Posted at 2008/04/10 14:12 // in Tips // by Daniel

  • The following command saves stdout and stderr to the files "out.txt" and "err.txt", respectively.
    [root@server /root]# ./cmd 1>out.txt 2>err.txt
  • The following command appends stdout and stderr to the files "out.txt" and "err.txt", respectively.
    [root@server /root]# ./cmd 1>>out.txt 2>>err.txt
  • The following command functions similar to the above two commands, but also copies stdout and stderr to the files "stdout.txt" and "stderr.txt", respectively.
    [root@server /root]# (((./cmd | tee stdout.txt) 3>&1 1>&2 2>&3\
    |tee stderr.txt) 3>&1 1>&2 2>&3) 1>out.txt 2>err.txt

    Note: Lines that end in a backslash are continued on the next line. Any such lines should be keyed in as one complete line. The lines are too long to fit on the web page without formatting them this way.

  • Capturing stdout
    The following will capture a copy of stdout and save it to a file called "stdout.txt"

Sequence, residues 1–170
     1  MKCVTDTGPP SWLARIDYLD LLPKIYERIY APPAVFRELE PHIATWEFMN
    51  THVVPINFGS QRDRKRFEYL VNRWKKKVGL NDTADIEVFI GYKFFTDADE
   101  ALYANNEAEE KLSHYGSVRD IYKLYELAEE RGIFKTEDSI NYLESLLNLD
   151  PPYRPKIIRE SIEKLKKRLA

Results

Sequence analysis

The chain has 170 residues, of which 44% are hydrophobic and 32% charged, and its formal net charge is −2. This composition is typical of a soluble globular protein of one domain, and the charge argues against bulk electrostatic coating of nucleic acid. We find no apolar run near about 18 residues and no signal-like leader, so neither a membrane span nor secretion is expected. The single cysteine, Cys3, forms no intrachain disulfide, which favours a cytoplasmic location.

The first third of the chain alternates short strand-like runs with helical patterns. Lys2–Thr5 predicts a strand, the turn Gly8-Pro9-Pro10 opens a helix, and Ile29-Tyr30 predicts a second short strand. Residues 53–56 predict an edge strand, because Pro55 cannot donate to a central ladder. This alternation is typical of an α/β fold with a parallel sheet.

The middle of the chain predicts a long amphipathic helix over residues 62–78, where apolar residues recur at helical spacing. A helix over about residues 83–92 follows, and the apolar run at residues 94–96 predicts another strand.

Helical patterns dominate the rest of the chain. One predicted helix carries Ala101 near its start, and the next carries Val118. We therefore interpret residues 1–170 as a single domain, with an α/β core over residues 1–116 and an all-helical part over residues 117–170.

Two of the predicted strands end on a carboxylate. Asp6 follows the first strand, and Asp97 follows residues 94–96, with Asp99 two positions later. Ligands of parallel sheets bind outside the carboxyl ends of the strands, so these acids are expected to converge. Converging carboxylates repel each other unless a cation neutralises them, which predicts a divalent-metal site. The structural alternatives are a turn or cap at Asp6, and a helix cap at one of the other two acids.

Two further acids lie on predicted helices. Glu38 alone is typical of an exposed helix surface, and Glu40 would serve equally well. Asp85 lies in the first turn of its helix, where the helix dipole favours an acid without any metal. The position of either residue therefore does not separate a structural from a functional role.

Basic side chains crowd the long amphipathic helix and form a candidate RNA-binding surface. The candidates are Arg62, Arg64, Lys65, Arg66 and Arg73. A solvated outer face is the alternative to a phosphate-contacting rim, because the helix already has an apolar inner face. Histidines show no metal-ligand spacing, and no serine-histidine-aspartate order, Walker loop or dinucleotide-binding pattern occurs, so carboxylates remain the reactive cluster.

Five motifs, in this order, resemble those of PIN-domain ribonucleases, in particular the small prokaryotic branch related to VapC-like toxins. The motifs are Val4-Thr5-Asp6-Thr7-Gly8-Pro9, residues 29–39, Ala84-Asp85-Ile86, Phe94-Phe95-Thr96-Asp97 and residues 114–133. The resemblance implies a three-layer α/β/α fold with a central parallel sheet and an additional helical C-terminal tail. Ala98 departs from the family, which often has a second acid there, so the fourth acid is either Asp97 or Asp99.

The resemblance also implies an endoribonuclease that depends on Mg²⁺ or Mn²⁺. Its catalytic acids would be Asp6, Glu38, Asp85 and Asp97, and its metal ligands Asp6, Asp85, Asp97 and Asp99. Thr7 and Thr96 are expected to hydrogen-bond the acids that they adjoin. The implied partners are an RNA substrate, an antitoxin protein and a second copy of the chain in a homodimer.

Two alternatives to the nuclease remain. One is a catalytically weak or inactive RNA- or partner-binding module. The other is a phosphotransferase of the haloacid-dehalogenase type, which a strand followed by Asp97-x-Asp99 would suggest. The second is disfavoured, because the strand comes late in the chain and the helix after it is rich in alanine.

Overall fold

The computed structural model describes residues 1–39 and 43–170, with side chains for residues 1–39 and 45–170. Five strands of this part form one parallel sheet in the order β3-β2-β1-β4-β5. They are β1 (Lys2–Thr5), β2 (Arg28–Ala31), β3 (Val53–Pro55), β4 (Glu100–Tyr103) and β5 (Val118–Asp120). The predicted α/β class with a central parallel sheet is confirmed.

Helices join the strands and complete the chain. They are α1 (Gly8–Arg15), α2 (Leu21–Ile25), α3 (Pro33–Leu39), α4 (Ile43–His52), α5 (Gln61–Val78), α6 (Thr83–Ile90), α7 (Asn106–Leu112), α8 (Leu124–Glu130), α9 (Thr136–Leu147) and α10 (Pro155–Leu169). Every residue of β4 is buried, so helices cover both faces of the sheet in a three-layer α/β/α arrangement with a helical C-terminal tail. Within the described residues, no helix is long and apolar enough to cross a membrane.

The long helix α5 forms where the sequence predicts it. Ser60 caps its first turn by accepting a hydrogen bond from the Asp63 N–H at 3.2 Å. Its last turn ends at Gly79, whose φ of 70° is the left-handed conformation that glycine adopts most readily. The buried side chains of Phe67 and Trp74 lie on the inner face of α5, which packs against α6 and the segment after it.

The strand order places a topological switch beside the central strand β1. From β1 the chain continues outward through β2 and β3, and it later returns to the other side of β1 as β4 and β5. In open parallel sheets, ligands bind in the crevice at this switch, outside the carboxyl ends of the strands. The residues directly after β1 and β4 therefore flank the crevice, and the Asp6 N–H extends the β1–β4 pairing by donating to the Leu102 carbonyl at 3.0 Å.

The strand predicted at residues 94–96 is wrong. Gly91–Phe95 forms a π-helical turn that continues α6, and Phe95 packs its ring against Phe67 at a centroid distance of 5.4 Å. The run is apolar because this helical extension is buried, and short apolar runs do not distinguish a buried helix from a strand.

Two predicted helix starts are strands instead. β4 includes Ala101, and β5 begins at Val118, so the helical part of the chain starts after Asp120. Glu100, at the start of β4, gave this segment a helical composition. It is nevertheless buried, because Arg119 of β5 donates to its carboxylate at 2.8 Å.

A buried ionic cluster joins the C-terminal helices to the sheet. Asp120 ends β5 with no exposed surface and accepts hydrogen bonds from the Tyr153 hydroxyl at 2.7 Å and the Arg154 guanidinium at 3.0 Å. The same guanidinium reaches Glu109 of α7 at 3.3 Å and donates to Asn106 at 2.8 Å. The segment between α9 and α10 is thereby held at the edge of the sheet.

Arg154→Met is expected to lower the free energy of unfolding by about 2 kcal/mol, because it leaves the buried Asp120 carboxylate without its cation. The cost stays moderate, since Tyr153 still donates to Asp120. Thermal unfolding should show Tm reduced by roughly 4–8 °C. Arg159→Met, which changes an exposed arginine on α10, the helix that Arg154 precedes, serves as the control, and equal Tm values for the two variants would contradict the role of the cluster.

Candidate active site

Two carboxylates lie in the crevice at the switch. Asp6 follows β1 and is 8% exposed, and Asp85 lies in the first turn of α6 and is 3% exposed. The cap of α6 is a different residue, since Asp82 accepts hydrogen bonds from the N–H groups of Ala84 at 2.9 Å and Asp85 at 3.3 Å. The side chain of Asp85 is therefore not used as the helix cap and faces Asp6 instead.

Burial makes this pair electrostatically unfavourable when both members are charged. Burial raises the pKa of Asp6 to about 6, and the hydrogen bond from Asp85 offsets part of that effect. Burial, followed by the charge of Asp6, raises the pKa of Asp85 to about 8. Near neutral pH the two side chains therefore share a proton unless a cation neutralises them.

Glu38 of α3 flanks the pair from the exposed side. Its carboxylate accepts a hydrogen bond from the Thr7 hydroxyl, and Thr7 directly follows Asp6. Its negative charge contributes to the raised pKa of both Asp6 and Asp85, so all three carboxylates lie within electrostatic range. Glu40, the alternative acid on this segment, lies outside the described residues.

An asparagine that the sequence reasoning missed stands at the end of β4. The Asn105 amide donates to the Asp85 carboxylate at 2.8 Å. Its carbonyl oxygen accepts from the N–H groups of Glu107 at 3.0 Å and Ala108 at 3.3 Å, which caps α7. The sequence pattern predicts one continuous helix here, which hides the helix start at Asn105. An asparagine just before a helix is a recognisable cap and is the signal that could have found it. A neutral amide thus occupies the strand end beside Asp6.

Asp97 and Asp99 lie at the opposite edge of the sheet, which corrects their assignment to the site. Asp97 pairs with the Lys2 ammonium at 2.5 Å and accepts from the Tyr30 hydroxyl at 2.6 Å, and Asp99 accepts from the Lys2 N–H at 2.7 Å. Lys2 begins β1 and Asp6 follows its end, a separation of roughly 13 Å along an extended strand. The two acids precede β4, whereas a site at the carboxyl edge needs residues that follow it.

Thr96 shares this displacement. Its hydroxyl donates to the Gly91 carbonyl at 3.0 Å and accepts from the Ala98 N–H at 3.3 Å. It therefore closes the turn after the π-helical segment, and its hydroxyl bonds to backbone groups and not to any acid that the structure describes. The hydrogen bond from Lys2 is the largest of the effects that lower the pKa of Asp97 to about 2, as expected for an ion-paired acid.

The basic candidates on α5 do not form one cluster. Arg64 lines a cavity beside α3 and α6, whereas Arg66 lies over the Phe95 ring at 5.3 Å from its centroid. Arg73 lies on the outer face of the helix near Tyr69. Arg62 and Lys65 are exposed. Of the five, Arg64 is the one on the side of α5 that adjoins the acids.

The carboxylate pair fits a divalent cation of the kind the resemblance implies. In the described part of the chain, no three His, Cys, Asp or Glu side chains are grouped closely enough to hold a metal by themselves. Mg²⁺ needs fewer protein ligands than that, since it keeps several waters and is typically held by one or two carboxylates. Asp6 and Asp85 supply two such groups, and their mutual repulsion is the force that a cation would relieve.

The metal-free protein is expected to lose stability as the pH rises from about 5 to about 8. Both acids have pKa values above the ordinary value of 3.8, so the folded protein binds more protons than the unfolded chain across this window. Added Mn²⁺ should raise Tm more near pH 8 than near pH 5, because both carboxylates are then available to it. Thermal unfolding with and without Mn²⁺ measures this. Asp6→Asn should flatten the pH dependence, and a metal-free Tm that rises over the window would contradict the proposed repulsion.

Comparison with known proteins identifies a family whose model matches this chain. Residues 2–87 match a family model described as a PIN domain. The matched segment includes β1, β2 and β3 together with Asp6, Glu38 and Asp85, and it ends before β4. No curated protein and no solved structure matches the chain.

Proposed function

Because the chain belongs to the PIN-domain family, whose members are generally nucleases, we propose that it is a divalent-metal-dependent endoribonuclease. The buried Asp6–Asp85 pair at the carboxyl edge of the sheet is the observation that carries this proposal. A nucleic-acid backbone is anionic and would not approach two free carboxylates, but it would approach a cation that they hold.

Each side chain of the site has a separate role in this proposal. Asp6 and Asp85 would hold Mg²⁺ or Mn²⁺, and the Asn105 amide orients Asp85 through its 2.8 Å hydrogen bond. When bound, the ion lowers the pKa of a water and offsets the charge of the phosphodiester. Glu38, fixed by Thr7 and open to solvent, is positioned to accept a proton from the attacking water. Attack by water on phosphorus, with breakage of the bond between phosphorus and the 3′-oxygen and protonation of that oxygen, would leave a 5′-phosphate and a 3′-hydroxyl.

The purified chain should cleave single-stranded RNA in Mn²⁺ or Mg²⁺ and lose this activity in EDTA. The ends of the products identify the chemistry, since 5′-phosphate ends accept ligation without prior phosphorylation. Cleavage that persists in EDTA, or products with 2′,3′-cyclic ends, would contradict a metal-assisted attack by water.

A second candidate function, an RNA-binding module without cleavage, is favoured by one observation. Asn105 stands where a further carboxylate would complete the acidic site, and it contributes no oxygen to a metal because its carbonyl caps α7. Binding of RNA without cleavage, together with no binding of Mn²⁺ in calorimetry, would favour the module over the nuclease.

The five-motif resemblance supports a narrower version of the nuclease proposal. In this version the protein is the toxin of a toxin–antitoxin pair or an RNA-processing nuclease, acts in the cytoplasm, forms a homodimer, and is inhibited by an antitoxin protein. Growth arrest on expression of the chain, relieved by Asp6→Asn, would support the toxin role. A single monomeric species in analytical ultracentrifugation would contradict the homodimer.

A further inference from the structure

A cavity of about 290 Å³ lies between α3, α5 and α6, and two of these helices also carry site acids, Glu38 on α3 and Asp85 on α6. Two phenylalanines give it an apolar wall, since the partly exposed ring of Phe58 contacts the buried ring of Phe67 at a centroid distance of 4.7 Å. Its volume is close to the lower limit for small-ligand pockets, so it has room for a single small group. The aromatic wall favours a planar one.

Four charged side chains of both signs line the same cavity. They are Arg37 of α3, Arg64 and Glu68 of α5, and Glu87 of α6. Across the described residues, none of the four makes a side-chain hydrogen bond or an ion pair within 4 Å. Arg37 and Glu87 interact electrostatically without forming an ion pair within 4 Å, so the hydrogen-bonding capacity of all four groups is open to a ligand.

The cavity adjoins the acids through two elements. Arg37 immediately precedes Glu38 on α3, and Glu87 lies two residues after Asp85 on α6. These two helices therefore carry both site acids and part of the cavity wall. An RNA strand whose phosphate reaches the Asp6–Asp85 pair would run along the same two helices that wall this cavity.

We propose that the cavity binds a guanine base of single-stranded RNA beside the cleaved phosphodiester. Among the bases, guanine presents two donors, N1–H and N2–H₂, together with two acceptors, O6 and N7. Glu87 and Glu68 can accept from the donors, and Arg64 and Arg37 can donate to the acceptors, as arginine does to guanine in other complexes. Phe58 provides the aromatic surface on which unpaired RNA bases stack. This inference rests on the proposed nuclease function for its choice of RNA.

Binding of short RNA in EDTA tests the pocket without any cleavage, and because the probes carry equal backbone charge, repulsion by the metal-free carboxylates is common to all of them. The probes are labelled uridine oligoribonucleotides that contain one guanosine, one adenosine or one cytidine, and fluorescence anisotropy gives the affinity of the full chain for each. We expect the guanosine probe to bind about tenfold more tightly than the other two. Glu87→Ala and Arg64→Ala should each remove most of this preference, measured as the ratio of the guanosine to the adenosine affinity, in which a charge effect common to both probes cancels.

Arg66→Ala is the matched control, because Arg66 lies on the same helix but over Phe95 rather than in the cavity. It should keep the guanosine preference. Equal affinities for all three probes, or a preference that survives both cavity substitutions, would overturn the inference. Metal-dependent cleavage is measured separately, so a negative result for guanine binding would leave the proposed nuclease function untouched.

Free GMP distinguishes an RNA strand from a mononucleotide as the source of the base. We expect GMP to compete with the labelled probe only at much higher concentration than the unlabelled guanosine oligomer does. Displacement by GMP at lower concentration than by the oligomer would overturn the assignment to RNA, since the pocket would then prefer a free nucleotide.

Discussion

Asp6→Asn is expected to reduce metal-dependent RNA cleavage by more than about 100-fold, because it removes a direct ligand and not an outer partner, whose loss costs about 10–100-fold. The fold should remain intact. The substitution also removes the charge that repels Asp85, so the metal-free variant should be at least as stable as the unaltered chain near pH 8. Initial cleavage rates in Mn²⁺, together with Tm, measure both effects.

[root@server /root]# ./cmd | tee stdout.txt

    stdout goes through the pipe and tee is able to save a copy of it to the file "stdout.txt"; however, we just lost control of stderr. stderr will not go through the pipe, instead it goes directly to our display.

  • Gaining control of stderr and stdout.
    Lets gain control again of stderr and stdout. We do this by surrounding our command with a set of parenthesis.
    [root@server /root]# (./cmd | tee stdout.txt)

    Capturing stderr
    Now that we have swapped our stdout and stderr, lets hook up tee once again. tee will now capture stderr (tee believes that it is really stdout because stdout is the only thing that can come through the pipe).

    [root@server /root]# (./cmd | tee stdout.txt) 3>&1 1>&2 2>&3 \
    | tee stderr.txt


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